In the supervillain-run country of Bagalia, things are going about as well as expected for the man Frank Castle duped everyone into thinking he's the Punisher...
Punisher has escaped, and brought a few other prisoners along with him to the party. Hilarity ensues.
But before their escape can be completed, Frank, Sister Mercy, and company find themselves pinned down unexpectedly.
Unfortunately, though he faces one final obstacle before he can complete his great escape - Frank must get past one last throwdown with Taskmaster!
Let me say this from the top, as a hardcore, never-say-die Garth Ennis Punisher acolyte:
Matthew Rosenberg absolutely kills it this issue.
And, yes, even though it’s more firmly ensconced in the Marvel Universe proper than any of Ennis’ MAX run (IMO the definitive take on the character, to the degree that I’ve had a difficult time feeling other writers’ takes on Punisher since then are “right”), Rosenberg writes a lean, mean Frank Castle that gleefully hearkens to Ennis’ run while still being its own thing, thanks to magnificent sequences like this:
But it’s not all fun and games. Writers have always had a tricky time putting Punisher up against established Marvel villains; after all, it’s not like he can just pop a cap in the Red Skull and call it a day. So writers have therefore historically had to rely on doing storytelling backflips to find reasons why Frank had no guns or why the villainous mastermind barely escaped. Not, though, in the case with this issue’s brutal skirmish with Taskmaster. Rosenberg sets the stage masterfully, and along with penciller Szymon Kudranski choreographs an epic battle for the ages. It’s grim, painful to look at, and utterly awesome.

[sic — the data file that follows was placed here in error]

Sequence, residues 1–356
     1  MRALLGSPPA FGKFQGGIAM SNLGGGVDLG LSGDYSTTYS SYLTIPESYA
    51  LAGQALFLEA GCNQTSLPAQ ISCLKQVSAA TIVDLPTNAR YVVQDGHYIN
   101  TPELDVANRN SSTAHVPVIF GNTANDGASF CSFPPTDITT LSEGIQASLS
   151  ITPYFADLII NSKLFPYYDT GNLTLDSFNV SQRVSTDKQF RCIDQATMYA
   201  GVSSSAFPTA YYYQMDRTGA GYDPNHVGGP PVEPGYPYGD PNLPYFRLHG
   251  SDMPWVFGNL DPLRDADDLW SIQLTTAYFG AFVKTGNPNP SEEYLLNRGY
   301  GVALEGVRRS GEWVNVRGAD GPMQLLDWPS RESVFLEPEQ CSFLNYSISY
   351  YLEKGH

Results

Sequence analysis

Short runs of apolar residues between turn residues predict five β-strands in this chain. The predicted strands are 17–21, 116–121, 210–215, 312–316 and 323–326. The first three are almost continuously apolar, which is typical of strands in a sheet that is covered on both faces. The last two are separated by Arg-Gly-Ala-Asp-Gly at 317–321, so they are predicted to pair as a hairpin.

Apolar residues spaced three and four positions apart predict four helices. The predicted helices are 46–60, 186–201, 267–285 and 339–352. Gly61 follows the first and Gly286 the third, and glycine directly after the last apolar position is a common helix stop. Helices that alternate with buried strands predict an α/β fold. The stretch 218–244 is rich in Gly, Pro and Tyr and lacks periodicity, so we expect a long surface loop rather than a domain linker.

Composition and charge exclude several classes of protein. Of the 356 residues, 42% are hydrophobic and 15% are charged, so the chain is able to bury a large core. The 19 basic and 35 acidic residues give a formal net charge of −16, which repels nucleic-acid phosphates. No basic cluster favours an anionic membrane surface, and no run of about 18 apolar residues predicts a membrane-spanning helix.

Szymon Kudranski may be the best Punisher artist to come down the pike in a long, long time. His heavy inks perfectly suit the mood a Frank Castle story should have, and his pencils, ably embellished by Antonio Fabela’s leap-off-the-page colors, are a not-too-distant cousin to all-time-great Punisher (and a lot of other great stuff too) cover artist Tim Bradstreet. This is some of the highest praise I could offer an artist. It’s gorgeous, and worthy of the Punisher on every level.
If you haven't read a Punisher comic in awhile, drop everything you're doing and check out Matthew Rosenberg's run. Even coming in cold in this fourth chapter in a story, I was able to dive right in and felt certain I knew what was going on. Accessible on every level, this issue is a treat from start to finish.
Punisher #9: When in Doubt, Shoot at Hydra
Writing - 9.5/109.5/10
Storyline - 9/109/10
Art - 10/1010/10
Color - 10/1010/10
Cover Art - 9.5/109.5/10
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